Congo under fire
New maps from orbiting sensors can detect flashes of lightning even during the daytime revealing where on Earth the powerful bolts will most likely strike. Earth's lightning hot spots are the Himalayas and central Africa - but lightning almost never strikes the north or south poles.
The development of space-based optical detectors is giving lightning researchers their first complete picture of planet-wide lightning activity. For the first time the lightning team at NASA's National Space Science and Technology Center (NSSTC) has been able to map the global distribution of lightning and its variation as a function of latitude, longitude and time of the year.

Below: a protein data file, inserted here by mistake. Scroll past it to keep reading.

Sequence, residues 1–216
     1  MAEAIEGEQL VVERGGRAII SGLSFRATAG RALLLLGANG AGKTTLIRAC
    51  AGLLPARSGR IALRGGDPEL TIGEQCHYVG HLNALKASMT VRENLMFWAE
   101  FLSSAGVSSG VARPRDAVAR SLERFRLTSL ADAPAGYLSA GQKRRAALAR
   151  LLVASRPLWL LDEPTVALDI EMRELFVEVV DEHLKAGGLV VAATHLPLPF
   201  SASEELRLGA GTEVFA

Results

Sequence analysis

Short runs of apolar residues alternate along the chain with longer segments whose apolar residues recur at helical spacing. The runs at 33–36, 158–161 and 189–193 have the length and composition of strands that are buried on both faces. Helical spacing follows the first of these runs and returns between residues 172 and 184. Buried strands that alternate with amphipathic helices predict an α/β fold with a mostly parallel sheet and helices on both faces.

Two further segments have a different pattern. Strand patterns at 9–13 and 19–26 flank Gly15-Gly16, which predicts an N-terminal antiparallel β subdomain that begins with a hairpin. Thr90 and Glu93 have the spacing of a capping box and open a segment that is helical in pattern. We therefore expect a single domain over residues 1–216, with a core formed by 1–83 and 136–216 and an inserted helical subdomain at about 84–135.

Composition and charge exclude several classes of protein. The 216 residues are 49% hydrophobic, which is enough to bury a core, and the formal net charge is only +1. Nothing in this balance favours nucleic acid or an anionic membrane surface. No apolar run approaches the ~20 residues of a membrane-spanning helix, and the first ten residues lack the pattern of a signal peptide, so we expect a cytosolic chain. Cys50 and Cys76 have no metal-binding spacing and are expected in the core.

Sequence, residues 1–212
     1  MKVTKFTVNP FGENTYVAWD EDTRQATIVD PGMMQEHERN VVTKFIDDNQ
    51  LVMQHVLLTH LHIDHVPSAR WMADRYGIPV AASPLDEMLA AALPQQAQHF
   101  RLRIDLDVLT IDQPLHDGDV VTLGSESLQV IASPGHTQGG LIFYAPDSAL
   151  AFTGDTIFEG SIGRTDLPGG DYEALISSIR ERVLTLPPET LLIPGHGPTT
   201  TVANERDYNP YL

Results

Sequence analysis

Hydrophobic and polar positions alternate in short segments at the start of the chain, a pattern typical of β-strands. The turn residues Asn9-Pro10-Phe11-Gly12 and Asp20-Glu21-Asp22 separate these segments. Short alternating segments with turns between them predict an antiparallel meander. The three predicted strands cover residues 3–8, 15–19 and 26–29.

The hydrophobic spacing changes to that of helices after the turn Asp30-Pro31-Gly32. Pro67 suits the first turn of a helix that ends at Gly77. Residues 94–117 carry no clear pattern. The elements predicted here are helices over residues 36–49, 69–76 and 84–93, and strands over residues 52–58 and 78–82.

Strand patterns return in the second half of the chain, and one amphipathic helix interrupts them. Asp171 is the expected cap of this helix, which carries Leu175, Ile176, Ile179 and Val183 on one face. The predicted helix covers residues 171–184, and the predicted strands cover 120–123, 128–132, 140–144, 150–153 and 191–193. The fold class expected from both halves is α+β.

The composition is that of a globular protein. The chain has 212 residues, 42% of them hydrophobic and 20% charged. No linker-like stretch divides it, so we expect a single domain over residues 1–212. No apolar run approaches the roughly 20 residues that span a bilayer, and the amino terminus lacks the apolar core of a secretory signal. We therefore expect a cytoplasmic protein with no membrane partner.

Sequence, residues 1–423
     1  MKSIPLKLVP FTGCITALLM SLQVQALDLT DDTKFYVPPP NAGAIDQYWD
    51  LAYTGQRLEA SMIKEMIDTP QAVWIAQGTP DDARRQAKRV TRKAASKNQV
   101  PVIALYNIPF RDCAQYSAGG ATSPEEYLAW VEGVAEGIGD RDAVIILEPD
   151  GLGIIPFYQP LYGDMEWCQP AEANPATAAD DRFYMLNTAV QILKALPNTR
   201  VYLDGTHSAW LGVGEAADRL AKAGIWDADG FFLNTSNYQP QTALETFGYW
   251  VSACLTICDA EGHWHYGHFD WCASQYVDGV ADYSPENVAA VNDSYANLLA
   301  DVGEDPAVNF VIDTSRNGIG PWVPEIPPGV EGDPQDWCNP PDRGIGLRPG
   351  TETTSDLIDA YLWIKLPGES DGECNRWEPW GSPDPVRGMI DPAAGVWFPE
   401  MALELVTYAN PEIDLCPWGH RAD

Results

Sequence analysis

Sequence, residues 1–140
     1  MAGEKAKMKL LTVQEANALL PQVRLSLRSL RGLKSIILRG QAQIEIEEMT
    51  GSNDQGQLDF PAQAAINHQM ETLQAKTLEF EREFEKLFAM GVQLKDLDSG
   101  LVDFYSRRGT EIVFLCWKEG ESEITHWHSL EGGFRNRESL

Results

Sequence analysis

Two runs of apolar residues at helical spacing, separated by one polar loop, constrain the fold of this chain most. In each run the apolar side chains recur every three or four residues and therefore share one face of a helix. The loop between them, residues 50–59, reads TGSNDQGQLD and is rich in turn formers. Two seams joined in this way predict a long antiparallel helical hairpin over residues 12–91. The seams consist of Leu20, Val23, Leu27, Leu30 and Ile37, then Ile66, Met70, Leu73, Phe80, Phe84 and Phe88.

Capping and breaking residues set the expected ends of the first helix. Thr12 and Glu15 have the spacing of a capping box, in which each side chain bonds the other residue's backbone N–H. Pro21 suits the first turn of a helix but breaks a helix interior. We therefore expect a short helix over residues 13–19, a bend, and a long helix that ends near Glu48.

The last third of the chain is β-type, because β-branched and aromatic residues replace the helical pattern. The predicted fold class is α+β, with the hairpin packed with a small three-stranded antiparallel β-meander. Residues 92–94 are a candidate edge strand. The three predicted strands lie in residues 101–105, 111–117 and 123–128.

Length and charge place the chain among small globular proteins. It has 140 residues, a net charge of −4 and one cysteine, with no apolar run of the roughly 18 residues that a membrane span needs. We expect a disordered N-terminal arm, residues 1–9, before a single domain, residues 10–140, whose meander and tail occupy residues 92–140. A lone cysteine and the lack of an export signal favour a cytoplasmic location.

The new perspective on lightning reveals that lightnings are most frequent over land-masses where the atmosphere is hot and damp and even more so over mountain areas where the extreme topography forces air masses to rise. Lightning avoids the ocean, because of the temperature-regulating effect of the water body and also arctic regions where polar air is to dry and cold for thunderstorms to develop. The Congo basin is hit by 50 strikes per square kilometer and year.
Ground-based lightning detectors provide high-quality local measurements, but they have a limited range. However, most thunderstorms remain unnoticed by humans and the vast majority of lightnings discharges from cloud to cloud. Only one out of four strikes the ground.
Check out the Lightning map